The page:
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Thursday, 13 June, 2002, 16:38 GMT 17:38 UK
Blair 'feared' Black Rod's evidence
Tony Blair and fellow politicians file past the coffin
Tony Blair reportedly wanted a bigger role at the funeral
Downing Street dropped its complaint over reports it sought a bigger role at the Queen Mother's lying-in-state because it "feared" Black Rod's version of events, says the journalist at the centre of the row.

According to the Spectator magazine, General Sir Michael Willcocks produced "a long, detailed and scrupulously documented memorandum that revealed the full details of how Downing Street tried to establish a bigger role for the prime minister".


Downing Street suddenly knew that it faced a choice between the story coming out, though in a far more technicolour and dramatic way

Peter Oborne
The row centres on reports that Tony Blair's office called Sir Michael to establish whether the prime minister should walk or drive from Downing Street to Westminster Hall where the Queen Mother's body was lying in state.

Mr Blair's official spokesman said on Thursday that the idea of the prime minister walking to Westminster Hall was briefly considered within Number 10 but rejected on security grounds.

That decision was reached without consulting Black Rod, he said.

'Highly embarrassing'

In the meantime a protection officer notified a detective at Westminster Hall who passed on the idea to Black Rod who was asked if he had any problem with Mr Blair walking through the North door, he added.

According to the spokesman Sir Michael did not raise any objection - but this was not passed back to Number 10 as the decision had already been taken for the prime minister to go by car as this was the "easiest and quickest" way.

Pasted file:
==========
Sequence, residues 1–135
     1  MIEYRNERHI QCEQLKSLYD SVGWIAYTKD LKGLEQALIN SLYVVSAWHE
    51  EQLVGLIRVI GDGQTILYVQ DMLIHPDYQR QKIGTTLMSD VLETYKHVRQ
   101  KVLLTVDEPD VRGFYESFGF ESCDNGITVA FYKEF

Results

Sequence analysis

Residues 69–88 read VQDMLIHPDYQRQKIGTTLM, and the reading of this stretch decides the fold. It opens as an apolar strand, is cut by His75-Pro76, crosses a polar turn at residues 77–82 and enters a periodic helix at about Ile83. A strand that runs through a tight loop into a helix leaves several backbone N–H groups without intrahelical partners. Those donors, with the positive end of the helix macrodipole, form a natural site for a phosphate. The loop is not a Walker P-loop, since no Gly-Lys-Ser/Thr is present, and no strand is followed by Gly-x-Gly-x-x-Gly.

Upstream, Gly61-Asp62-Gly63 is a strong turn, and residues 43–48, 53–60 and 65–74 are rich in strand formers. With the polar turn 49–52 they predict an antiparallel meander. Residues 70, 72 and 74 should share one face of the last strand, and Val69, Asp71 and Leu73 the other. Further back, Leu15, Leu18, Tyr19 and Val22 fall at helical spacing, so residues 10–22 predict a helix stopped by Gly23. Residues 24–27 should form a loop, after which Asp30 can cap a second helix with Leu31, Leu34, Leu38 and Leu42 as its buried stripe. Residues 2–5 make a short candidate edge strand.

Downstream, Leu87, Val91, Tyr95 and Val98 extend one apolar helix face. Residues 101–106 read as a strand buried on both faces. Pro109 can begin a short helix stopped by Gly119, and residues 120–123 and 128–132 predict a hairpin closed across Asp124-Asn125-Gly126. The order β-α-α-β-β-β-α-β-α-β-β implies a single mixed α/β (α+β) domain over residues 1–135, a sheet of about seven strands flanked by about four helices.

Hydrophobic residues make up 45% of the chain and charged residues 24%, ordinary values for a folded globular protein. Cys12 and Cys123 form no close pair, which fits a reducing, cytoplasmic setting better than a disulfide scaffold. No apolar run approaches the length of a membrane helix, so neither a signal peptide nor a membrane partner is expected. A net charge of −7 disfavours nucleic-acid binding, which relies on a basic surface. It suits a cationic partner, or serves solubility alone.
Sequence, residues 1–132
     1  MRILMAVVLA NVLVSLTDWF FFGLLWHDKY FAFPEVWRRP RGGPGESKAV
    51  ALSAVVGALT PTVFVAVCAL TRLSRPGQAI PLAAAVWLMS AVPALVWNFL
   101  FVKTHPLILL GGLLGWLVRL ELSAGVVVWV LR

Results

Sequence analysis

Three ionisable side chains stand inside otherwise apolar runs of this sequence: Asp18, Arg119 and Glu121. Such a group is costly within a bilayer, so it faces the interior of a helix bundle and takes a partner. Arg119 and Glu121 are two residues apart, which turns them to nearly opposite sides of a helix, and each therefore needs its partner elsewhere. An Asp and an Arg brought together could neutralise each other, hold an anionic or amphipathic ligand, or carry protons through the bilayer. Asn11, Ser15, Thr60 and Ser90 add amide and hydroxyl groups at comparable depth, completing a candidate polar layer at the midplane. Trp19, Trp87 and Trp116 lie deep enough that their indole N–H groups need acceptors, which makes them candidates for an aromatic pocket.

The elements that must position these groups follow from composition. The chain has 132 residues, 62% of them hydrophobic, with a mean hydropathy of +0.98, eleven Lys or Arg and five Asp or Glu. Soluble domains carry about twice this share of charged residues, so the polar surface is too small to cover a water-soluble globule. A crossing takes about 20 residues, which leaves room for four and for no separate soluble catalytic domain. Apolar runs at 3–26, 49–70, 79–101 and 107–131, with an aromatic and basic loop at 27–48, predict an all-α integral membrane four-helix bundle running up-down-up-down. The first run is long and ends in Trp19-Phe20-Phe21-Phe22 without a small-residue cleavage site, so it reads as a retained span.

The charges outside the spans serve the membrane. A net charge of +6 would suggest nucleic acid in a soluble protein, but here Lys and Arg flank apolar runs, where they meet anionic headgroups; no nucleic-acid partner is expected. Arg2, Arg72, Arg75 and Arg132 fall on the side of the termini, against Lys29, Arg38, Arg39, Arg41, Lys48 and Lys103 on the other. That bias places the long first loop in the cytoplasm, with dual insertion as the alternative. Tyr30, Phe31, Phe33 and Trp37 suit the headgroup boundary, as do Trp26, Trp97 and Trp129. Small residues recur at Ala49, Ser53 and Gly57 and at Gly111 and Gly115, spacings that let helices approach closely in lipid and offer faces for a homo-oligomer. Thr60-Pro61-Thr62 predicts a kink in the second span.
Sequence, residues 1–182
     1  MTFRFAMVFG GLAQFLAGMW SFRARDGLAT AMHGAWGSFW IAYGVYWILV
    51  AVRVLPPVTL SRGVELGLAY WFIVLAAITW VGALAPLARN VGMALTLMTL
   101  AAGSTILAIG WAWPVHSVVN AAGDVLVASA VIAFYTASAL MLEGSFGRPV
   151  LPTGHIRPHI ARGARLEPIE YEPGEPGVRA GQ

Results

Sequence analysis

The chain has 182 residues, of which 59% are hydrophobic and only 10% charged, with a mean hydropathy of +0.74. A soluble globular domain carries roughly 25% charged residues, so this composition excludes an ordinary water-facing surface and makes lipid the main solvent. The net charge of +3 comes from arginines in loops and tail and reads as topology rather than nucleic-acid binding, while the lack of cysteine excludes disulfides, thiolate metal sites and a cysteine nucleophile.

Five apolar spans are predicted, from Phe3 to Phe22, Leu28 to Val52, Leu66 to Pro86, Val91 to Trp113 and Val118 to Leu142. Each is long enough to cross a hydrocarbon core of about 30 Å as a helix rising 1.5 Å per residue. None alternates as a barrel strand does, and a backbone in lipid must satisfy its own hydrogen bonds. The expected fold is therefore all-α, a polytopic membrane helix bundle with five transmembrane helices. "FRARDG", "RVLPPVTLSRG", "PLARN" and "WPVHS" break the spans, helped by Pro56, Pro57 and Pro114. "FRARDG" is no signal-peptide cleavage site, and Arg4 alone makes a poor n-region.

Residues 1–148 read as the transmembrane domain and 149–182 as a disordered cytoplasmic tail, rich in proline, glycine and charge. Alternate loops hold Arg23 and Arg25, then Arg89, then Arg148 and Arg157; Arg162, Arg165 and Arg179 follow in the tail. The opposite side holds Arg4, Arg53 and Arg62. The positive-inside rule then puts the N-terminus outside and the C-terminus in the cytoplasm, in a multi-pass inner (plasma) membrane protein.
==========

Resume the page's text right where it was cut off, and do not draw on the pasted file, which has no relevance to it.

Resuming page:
But Spectator political editor, Peter Oborne, said the evidence not only proved his version of events but "went much further" and contained a "number of highly embarrassing revelations".

"Downing Street suddenly knew that it faced a choice between the story coming out, though in a far more technicolour and dramatic way than anyone had up to that stage realised, or beating a hasty retreat," he writes in the latest edition of the magazine, edited by Tory MP Boris Johnson.

According to the article, Sir Michael - who is one of Parliament's most senior officials - was on the receiving end of pressure from Downing Street in the wake of Queen Mother's death.

'Amicably' settled

The original story prompted the highly unusual step of a complaint by Number 10 to the Press Complaints Commission (PCC).

On Tuesday the PCC announced that Downing Street had withdrawn its complaint, prompting Mr Oborne to claim that in doing so Number 10 had accepted his story was 100% true.

But the fallout out from the decision to complain in the first place has blown the story out of all proportion and leaves a question over the future of Mr Blair's director of communications, Alastair Campbell.

Leader of the Commons Robin Cook was asked whether Mr Campbell should quit his job.

He said: "I totally believe he should stay and I hope he does stay."

'Perversion of justice'

Downing Street said on Thursday that Mr Campbell had the prime minister's full confidence.

Number 10 also denied that the idea of walking was an attempt to "gladhand" the public.

"Any suggestion that the discussion was taking place to maximise political impact is not true.

"Is the government judged guilty until proven innocent? Then that is a perversion of justice."

At the time of the original press reports the prime minister was said to be furious about articles claiming his officials asked for arrangements to be changed to increase his prominence at the funeral.

Mr Blair took the unusual step of lodging a complaint with the PCC over the articles, which appeared in the Spectator magazine, the Mail on Sunday and the London Evening Standard.

See also:

11 Jun 02 | UK Politics
04 Apr 02 | UK Politics
13 Jun 02 | UK Politics
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